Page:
The FSA finds no evidence IFA firms “fob off” mortgage endowment complaints

The Financial Services Authority says it has found no evidence that small IFA firms are ‘fobbing off’ mortgage endowment complaints, but did discover some issues with complaints handling practices that firms must address.

Following concerns raised in independent research commissioned by the FSA, the regulator launched a project to examine the complaints handling of small firms in order to assess the level of compliance with regulations, to ensure customers were being treated fairly. Based on a sample of 51 firms and 412 files reviewed, the FSA’s findings identified that in the majority of cases the decisions being made by small firms visited to reject or uphold a complaint are appropriate.

FSA rules allow consumers to refer their complaint to the Financial Ombudsman Service (should they be dissatisfied with the outcome of the firm’s investigation. Of the 562 complaints which were initially rejected by the firms and were subsequently referred to FOS 42 complaints were found in favour of the complainant, 292 were rejected and 228 are pending.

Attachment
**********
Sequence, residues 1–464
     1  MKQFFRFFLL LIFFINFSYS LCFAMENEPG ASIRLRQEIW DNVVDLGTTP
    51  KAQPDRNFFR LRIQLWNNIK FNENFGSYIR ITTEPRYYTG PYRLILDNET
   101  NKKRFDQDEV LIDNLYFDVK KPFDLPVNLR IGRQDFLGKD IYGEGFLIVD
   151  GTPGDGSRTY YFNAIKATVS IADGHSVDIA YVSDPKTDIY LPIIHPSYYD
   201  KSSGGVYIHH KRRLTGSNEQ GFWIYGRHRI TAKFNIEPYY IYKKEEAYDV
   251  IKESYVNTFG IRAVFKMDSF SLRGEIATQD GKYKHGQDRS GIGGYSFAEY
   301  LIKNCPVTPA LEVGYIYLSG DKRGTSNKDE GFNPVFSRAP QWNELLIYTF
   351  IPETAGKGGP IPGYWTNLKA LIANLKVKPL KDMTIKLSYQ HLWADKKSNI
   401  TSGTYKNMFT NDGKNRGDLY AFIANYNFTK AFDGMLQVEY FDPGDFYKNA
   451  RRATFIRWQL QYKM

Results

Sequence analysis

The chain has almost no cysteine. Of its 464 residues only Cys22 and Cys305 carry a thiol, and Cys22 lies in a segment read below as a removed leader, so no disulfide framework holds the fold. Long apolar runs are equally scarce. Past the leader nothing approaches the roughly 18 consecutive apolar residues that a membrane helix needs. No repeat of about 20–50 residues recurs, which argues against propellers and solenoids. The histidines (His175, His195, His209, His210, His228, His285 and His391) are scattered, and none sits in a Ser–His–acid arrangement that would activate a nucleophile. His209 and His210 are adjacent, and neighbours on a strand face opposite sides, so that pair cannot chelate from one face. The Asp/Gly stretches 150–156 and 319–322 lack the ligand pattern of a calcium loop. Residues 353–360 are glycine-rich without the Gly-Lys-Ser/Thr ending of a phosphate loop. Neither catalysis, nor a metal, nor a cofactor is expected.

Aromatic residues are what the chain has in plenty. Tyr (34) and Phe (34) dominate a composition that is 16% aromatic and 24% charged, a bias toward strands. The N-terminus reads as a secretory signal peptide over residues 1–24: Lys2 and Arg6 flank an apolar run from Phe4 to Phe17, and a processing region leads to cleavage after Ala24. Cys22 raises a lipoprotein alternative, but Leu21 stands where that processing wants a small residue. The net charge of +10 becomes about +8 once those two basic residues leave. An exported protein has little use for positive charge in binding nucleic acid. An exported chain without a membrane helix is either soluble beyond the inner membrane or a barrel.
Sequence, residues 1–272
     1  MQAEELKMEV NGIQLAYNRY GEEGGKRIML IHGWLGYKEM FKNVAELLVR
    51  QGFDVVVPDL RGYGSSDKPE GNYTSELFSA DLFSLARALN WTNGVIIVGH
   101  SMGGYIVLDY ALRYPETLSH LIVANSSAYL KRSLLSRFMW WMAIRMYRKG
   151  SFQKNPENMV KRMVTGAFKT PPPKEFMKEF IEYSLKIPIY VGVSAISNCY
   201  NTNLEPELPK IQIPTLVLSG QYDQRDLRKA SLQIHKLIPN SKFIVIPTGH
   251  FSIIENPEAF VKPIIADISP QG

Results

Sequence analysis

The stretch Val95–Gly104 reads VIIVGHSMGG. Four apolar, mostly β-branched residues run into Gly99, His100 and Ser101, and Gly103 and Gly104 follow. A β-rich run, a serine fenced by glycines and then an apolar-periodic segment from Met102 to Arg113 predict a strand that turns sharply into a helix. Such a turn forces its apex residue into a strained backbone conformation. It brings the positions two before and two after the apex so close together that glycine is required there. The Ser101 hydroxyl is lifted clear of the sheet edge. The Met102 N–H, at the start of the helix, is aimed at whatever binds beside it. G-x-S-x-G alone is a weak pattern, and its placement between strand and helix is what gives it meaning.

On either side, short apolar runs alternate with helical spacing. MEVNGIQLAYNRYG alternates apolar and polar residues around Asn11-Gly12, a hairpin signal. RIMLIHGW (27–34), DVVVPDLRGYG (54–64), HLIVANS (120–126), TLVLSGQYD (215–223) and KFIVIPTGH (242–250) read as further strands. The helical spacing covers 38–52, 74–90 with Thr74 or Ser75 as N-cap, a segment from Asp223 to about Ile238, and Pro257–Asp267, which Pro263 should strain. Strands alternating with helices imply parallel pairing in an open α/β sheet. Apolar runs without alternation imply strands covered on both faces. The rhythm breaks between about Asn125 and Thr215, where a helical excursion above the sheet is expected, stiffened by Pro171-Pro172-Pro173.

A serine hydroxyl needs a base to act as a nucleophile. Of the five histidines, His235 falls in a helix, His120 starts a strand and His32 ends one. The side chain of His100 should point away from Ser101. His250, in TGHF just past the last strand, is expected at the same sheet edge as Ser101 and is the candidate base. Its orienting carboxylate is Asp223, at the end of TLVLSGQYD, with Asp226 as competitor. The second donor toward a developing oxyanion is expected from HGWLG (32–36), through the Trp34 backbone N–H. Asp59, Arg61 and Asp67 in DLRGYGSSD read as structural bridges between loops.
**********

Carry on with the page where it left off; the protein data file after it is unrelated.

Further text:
However, the FSA has found some firms are not strictly adhering to rules set out the time limits within which complaints must be dealt and with the general level of firms’ internal complaints handling procedures. In a significant number of cases, the FSA found that these deadlines are not being met.

Mike Lord, head of investments in the small firms division at the FSA, says: “The FSA is greatly encouraged to discover small firms are not fobbing off endowment complaints and are investigating complaints properly. However, issues still remain with smaller firms not meeting the deadlines our rules set out or when complying with their own systems and procedures when they are dealing with customer complaints.

“Firms must have in place and make proper use of appropriate and effective internal complaint handling procedures to help ensure that customers are treated fairly. These include meeting the deadlines for corresponding with complainants and ensuring an appropriate person investigates the complaint. We are publishing, on our website, information to help firms improve in this area.

“While we still see instances of firms not dealing with complaints properly, overall we were pleased with the decision making we saw firms making when undertaking this work.”